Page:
A Lynching Happens Every 40 Hours

 

A Lynching Happens Every 40 Hours

By David J. Leonard // Huffington Post

 

Throughout the early part of the twentieth century, African-American activists fought to thwart the systemic scourge of lynching. Faced with a silent and complicit populace, particularly the media and political establishment, African Americans forced the nation to bear witness to the depravity of American racism. Between 1882 and 1968, close to 5,000 lynchings (73% of the victims were black) took place on American soil, and that is of course an estimate that does not account for the countless unknown souls who lost their lives at the hands of White supremacy. According to Richard Perloff, racial lynchings had become commonplace in part because of the media’s failures to bring the injustice to light. He quotes a white resident of Emelle Alabama, who questioned a reporter’s inquiry into the killing of an African American: “A few White residents who had been on hand when the men were killed refused to talk about the events to reporters from The Tuscaloosa News. “What the hell are you newspaper men doing here?” asked a White man who had been part of the vigilante group. ‘We’re just killing a few negroes that we’ve waited too damn long about leaving for the buzzards. That’s not news'” (Raper, 1933, p. 67). The silence from the mainstream media about blacks victims burned to death, hung, and dismembered, embodied the normalization of white supremacist violence.

Activists and Black journalists responded to American media that often downplayed the practice of white-on-black violence and/or named African Americans as deserving of torment and murder. According to Perloff, writing in The Journal of Black Studies, “It is next to impossible to locate a newspaper article that does not identify the victim as a Negro or that refrains from suggesting that the accused was guilty of the crime and therefore deserving of punishment. For example, The New Orleans Picayune described an African-American who was lynched in Hammond, Louisiana for robbery as a ‘big, burly negro’ and a ‘Black wretch'”.

Amid this silence and sanctioning of White-on-Black violence, Ida B. Wells-Barnett and others within the Black press not only documented each and every lynching, but in providing the graphic details, they challenged the very fabric of American racism. From displaying signs announcing “A Lynching Happened Today” to the publication of various pamphlets, activists worked to force America to come to grips with the contradiction between its purported creed and the ongoing violence perpetuated within its boundaries

The more things change, the more things stay the same.

The history of racist violence, of lynchings, of state violence, or a complicit media and systemic injustice, all of which define the era of Jim Crow, remain a reality despite our purportedly post-racial moment. A recent report from the Malcolm X Grassroots Movement (MXGM) entitled “Report on Extrajudicial Killings of 110 Black People” elucidates the contemporary struggle against lynchings. In the first six months of 2012, the police, security guards, and self appointed agents of “justice” have killed 110 African-American men, women, and children. Since its publication, there have been 10 additional killings in total, 2012, which means that in 2012, there has been 1 killing every 36 hours.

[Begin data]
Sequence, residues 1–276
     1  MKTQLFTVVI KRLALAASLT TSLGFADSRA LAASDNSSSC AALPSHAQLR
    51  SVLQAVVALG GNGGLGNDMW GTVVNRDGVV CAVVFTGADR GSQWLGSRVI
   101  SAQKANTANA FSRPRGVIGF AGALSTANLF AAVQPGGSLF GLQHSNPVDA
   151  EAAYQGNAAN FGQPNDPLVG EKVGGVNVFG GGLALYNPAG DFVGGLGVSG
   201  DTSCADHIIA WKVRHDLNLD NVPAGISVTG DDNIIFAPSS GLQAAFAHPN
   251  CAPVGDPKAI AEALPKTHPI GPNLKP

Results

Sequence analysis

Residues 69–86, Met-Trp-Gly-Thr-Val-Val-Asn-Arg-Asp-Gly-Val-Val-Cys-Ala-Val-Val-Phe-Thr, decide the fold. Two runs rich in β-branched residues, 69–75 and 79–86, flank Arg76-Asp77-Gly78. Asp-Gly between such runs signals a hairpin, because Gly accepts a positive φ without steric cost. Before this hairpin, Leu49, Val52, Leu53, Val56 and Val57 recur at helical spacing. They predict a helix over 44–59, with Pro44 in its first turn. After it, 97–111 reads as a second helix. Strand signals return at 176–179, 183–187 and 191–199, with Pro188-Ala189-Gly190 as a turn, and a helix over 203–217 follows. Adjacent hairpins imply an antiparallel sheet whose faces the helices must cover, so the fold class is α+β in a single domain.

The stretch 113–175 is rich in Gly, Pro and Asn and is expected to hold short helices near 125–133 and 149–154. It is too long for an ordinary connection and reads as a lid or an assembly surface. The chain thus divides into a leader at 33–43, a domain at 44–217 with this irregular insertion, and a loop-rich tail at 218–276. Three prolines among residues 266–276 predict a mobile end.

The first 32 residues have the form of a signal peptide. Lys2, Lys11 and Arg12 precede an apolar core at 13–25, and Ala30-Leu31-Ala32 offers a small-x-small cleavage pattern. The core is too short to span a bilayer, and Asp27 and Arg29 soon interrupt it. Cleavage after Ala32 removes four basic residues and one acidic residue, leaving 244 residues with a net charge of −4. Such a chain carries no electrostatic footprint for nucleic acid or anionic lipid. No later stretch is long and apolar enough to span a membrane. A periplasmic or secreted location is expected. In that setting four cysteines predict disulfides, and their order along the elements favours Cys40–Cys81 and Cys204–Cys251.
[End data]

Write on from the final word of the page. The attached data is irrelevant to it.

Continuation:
Of those who lost their life at the hands of a police or security officer, 47 did not have a weapon at the time of their killing. Another 40 were said to have a weapon (including a cane, a BB gun and a toy gun), although witnesses have disputed these purported facts. A small number of those killed, 21 people, were armed at the time they were sentenced to death. None were afforded the presumed right of innocence until proven guilty.

Many of these deaths are the consequences of stop and frisk policies, racial profiling, and a culture of White racist stereotyping of African Americans as criminals and suspects. According to Rosa Clemente, a member of Malcolm X Grassroots Movement and former vice-presidential candidate of the Green Party, “Nowhere is a Black woman or man safe from racial profiling, invasive policing, constant surveillance, and overriding suspicion.” In the press release, she notes “all Black people – regardless of education, class, occupation, behavior or dress – are subject to the whims of the police in this epidemic of state initiated or condoned violence.”
The study showed that 43% of those killed on these streets, prior to any legal proceedings, were stopped because of “suspicious behavior or appearance” or because of traffic violations. Another 10% were not involved in criminal behavior at all, with another 18% resulting from 9-1-1 calls, including several from family members seeking assistance with individuals suffering from mental illness, only to see them killed in the streets. With only 33% of those killed resulting from an actual investigation, we must begin to ask protecting and serving whom?

Among its victims are: Rekia Boyd, an innocent bystander shot and killed in Chicago; Dante Price, who was shot 22 times, while trying to pick up his children; and Travis Henderson, a “a suicidal man sitting in a church parking lot with a gun. When he got out of the car, he allegedly pointed the gun at an officer and was shot.” An Orange County Sherriff killed Manuel Loggins, a former marine and father of two daughters, in front of his children. The “sheriff initially said he feared for his own safety and later revised his story to say he feared for the girls’ safety.” And there is Anton Barrett, “who was allegedly driving without headlights and running stop signs when a DUI Saturation Patrol signaled him to stop. According to the report, “he led the officers on a high speed chase, when his tires went flat, he fled on foot. One officer confronted him in a darkened alley and shot him multiple times, claiming he thought he saw him pull a ‘metallic object’ from his sweatshirt pocket. After Barrett was shot, he attempted to rise and a second officer tasered him. He was cuffed and died at hospital. Police admit they mistook wallet for gun.” The history of state violence, of the consequences of systemic racism, a story often imagined as a concluded chapter in American history, remains a grave problem of the twenty-first century.